Indianapolis-based Eli Lilly and Co. (NYSE: LLY) has announced plans to acquire a California biopharmaceutical company. The all-cash deal for Dermira Inc. (Nasdaq: DERM) is valued at approximately $1.1 billion. Lilly says the acquisition will expand its immunology pipeline, as well as its portfolio of marketed dermatology medicines.
Dermira specializes in developing new therapies for chronic skin conditions. Lilly says acquiring the company includes the addition of lebrikizumab, a drug currently being tested in a Phase 3 clinical trial that received a Fast Track designation from the U.S. Food and Drug Administration in December.
“People suffering from moderate-to-severe atopic dermatitis have significant unmet treatment needs, and we are excited about the potential that lebrikizumab has to help these patients,” Patrik Jonsson, president of Lilly Bio-Medicines. “The acquisition of Dermira is consistent with Lilly’s strategy to augment our own internal research by acquiring clinical phase assets in our core therapeutic areas and leveraging our development expertise and commercial infrastructure to bring new medicines to patients.”
The deal also brings Dermira’s QBREXZA to its portfolio. QBREXZA is an FDA-approved medicated cloth used for the topical treatment of primary axillary hyperhidrosis, or uncontrolled excessive underarm sweating.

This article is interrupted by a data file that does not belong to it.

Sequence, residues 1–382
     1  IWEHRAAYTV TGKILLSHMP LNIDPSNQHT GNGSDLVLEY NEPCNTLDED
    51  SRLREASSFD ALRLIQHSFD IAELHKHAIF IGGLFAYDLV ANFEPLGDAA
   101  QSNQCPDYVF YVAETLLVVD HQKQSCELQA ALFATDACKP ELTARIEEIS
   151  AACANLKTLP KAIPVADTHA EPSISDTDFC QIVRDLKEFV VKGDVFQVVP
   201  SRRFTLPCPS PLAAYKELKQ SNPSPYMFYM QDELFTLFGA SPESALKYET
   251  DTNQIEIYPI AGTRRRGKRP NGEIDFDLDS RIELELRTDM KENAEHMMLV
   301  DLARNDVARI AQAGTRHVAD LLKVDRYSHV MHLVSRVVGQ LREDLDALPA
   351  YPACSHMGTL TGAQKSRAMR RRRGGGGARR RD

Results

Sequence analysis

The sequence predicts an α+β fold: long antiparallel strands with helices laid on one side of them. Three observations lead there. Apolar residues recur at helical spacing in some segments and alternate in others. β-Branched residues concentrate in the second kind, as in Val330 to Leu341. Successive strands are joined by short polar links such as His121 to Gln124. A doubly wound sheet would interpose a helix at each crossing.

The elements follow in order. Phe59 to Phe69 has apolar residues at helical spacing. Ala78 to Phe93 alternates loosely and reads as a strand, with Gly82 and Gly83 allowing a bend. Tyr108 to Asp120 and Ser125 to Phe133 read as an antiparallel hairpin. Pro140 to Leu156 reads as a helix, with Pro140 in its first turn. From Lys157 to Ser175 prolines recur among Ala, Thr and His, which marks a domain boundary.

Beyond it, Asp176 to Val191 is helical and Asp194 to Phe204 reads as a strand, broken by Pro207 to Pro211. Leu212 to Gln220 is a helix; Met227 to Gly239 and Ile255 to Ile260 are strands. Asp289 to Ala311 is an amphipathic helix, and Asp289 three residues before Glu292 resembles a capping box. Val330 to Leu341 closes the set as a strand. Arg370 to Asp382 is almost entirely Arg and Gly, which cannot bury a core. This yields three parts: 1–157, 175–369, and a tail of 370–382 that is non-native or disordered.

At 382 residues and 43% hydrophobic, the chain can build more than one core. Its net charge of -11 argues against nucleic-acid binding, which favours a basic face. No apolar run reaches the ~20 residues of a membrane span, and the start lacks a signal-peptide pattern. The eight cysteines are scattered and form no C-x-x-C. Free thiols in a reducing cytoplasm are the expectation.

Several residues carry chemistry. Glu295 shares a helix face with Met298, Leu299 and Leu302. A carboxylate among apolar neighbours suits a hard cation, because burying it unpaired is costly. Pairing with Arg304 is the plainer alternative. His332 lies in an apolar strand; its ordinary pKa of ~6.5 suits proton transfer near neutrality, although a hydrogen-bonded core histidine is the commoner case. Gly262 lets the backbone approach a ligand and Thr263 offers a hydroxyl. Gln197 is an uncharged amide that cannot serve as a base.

“Since Dermira’s inception, we have been focused on applying strong science to medical dermatology with the goal of finding new ways to treat some of the most common skin conditions that affect millions of people every year,” said Tom Wiggans, chairman and chief executive officer at Dermira. “We are pleased that Lilly has recognized the progress we have made and the opportunities for lebrikizumab and QBREXZA. We share with Lilly a common interest in helping patients through the development of innovative treatments and believe that patients and physicians will benefit from the resources that Lilly can bring to maximize the potential of our programs.”
The acquisition is expected to close in the first quarter, pending regulatory approvals and other customary closing conditions.
Lilly did not say whether any jobs would be affected by the deal.